In 1996, after receiving an Ontario Arts Council recording grant for the jazz vocal group Debbie assembled, newly named nonet “Hampton Avenue” released a Christmas album, containing Debbie’s original songs and arrangements, as well as some cover tunes such as “Charlie Brown Christmas” and “Have Yourself a Merry Little Christmas”. Debbie produced this album, and it was released to very favourable response from radio and sales. It is still played around the world at Christmas time, and the silky-smooth tight vocal harmonies associated with Hampton Avenue have led to an ever-widening audience for this talented group.
HAMPTON AVENUE (EVERYBODY SING)
In 1999, Hampton Avenue, now an octet with some changes in personnel, released their sophomore CD. Debbie and Hampton Avenue member Larry Folk, co-produced this project. Containing many original tunes, and four cover tunes, this CD met with great response from radio and internet sales. Hampton Avenue was awarded the Jazz Report Vocal Group of the Year as a result of this album, and an award for “Best Jazz Song” was presented to Hampton Avenue as a result of their recorded version of “In A Mellow Tone” (arranged by John Herberman). This CD continues to be played extensively on the airwaves.
DEBBIE FLEMING (A GIFT OF HARMONY) FEATURING THE VOICES OF HAMPTON AVENUE
After Hampton Avenue disbanded, Debbie still had some of her songs and arrangements that she wished to be recorded by a jazz vocal ensemble. Hampton Avenue core members – Suba Sankaran, Dylan Bell and Tom Lillington (now known as The Hampton Avenue 4) recorded these songs and arrangements at Debbie’s Toronto studio, with Debbie as producer, arranger and recording engineer. Also appearing in some songs were Tim Olfert and Merry Ann Hutton. Digitally recorded tracks were taken to David Norris-Elye at Towne Music for mixing and tweaking, and the CD was released in 2002.
CHOIRGIRLZ (ANGEL WINGS)
Debbie had never strayed too far from her country roots, and in 2001, she formed a trio with two of her friends from the Mendelssohn Choir, Dorothy McDonall and Mary Ellen Moore. ChoirGirlz, as they named themselves, began rehearsing together for fun, with Debbie learning how to play guitar. Their sound was a wonderful blend, and all three were songwriters, so it stood to reason that they had to record a CD to gain wider recognition. Under Debbie’s guidance as a producer, arranger, recording engineer, guitarist and singer, they released their CD entitled “Angel Wings” in the fall of 2003.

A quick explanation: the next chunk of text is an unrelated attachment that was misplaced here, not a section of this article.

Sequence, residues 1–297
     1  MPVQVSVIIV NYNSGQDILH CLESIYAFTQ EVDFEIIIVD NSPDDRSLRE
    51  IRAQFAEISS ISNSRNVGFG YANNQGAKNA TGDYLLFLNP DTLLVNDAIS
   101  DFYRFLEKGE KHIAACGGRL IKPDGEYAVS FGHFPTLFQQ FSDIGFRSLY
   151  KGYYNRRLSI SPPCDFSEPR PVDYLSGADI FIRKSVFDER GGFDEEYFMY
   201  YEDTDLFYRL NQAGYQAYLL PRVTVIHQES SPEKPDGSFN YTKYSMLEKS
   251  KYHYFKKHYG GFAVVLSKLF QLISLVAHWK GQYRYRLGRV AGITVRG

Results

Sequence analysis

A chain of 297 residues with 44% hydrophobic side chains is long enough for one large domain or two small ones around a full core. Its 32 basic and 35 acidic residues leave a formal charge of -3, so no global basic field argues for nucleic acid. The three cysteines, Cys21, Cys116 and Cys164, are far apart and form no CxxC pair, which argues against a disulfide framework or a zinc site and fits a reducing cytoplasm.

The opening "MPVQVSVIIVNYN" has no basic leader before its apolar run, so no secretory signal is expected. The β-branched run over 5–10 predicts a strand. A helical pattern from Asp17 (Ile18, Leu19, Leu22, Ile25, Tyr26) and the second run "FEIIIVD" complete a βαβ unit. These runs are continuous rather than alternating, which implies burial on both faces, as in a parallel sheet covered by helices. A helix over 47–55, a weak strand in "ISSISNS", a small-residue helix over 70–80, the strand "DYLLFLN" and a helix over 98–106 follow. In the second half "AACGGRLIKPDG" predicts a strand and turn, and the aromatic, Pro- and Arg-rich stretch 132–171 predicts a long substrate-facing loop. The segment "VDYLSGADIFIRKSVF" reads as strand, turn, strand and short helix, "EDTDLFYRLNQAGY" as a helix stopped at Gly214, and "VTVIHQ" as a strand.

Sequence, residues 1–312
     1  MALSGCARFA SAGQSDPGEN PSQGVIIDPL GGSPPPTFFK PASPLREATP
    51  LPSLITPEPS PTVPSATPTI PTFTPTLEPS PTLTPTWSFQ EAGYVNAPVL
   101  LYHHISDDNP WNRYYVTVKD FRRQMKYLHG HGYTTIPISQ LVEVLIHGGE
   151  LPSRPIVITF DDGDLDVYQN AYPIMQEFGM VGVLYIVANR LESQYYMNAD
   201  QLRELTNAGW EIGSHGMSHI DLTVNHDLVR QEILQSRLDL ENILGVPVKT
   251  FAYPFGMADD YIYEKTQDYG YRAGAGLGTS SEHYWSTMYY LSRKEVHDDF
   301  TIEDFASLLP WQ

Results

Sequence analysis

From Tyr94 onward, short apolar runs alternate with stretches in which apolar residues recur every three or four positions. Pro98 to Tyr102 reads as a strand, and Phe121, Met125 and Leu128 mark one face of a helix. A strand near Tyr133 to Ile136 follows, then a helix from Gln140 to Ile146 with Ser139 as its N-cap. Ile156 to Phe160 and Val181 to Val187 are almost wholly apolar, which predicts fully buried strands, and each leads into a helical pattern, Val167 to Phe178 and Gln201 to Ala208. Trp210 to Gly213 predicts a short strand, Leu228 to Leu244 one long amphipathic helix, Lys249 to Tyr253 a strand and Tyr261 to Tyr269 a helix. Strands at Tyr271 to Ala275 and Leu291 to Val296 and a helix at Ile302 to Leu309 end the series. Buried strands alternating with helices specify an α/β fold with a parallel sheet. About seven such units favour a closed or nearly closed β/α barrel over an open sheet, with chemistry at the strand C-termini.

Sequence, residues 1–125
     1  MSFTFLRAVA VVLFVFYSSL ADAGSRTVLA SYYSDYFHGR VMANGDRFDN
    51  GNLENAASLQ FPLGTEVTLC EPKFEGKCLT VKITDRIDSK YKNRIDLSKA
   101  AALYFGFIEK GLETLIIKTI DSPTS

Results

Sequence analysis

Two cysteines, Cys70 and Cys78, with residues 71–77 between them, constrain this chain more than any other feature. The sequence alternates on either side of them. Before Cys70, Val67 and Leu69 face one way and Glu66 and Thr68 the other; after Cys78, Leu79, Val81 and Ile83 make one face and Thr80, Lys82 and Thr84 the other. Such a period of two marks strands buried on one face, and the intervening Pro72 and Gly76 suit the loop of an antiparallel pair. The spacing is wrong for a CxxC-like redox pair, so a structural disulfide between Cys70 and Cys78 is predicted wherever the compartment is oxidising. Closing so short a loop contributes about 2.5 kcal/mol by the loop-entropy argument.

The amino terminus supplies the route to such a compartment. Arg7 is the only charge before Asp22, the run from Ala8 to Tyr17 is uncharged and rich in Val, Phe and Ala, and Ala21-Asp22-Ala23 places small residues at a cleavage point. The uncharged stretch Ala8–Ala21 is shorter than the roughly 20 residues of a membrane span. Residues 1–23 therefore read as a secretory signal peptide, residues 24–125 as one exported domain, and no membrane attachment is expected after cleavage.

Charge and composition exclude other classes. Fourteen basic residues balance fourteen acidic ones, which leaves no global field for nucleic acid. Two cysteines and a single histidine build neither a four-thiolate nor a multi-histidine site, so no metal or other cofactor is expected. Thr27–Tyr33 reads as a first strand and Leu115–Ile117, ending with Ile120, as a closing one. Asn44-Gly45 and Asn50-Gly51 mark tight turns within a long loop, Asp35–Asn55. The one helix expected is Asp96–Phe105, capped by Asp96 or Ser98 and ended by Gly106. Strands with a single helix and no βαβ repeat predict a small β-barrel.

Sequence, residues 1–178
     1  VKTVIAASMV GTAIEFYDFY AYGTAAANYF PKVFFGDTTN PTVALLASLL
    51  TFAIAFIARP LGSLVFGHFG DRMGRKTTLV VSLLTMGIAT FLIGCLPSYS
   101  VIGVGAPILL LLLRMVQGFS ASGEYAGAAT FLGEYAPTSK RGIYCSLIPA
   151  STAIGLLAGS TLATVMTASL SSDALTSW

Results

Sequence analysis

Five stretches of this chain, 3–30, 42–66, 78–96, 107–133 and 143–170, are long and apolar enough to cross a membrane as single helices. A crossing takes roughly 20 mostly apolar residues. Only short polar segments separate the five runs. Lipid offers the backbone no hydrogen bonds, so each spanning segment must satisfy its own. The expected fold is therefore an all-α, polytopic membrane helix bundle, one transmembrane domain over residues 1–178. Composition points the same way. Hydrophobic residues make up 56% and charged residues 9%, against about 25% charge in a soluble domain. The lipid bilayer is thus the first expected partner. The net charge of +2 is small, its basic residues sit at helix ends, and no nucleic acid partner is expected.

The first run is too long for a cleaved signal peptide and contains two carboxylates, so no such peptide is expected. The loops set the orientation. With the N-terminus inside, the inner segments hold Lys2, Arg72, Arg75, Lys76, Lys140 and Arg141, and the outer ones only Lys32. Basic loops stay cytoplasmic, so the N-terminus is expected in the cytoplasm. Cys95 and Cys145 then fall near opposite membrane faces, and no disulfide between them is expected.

Since then, as Debbie’s guitar playing evolved, ChoirGirlz have become a little more jazzy with the harmonies and songs they sing – a little like Dixie Chicks meet the Andrews Sisters.
STEPPIN’ OUT (DEBBIE FLEMING)
Although the simple purity of country music is an important facet of Debbie’s soul, she never lost her passion for the tight dissonant crunches of jazz music. Once you know about “sharp elevens” and “augmented ninths” it becomes an addiction! After the breakup of Hampton Avenue, Debbie began performing as a solo artist with her jazz accompanists – Bruce Harvey and Jack McFadden, whom she had known since her McMaster days. After her debut at the Montreal Bistro, with the addition of Don Vickery on drums, and John Johnson on sax, it was clear from the positive audience response that a recording had to be made. In the summer of 2004, Debbie arranged 11 of her original tunes for the band, and with the quintet recorded at Acrobat Music Studios – engineered by Jim Morgan – the engineer she first recorded with in 1973. Produced by Debbie, this CD is a labour of love, and was a magic experience from the beginning. Seasoned musicians such as Bruce, Jack, Don and John MacMurchy have ears so fine-tuned, that the “gestalt” on this album is quite phenomenal, and most tunes were “first takes”.
GIRL TIME (CHOIRGIRLZ)
As the ChoirGirlz became more polished, and more in demand as performers, a sophomore CD was co-produced by Debbie with Steve Briggs. They used a full band and a professional recording studio with Ray Montford at the board. All original tunes and arrangements, with the exception of “The Tennessee Waltz” – this album was very positively received and supported by radio.
LIVIN’ IT (CHOIRGIRLZ)
In 2008, the ChoirGirlz recorded this CD, featuring all original songs. Debbie wrote most of the material, including a beautiful testament to her father, a WWII veteran – entitled Ode to a Vet. Dorothy co-wrote a bluesy song with Debbie, entitled “Tormented Soul”, and a 3-way co-write “Peace On Earth” was written to celebrate “Peace Prayer Day”. This final recording by the ChoirGirlz is the best yet!
DEBBIE FLEMING – FULL CIRCLE – BACK TO BACHARACH
In 2016 Debbie recorded a tribute to the beautiful music of Burt Bacharach and Hal David. She collaborated with Toronto pianist Mark Kieswetter, and between the two of them, rejigged and rearranged great tunes like Anyone Who Had a Heart, You’ll Never Get To Heaven, Alfie and many more. Debbie sings the songs with passion, and emotion, and features the Hampton Avenue 4 on The Look of Love and Close To You. The album is called Full Circle-Back to Bacharach, and can be purchased in hard copy, or by download.
All these recordings may be purchased by ordering through our Shopping Cart page.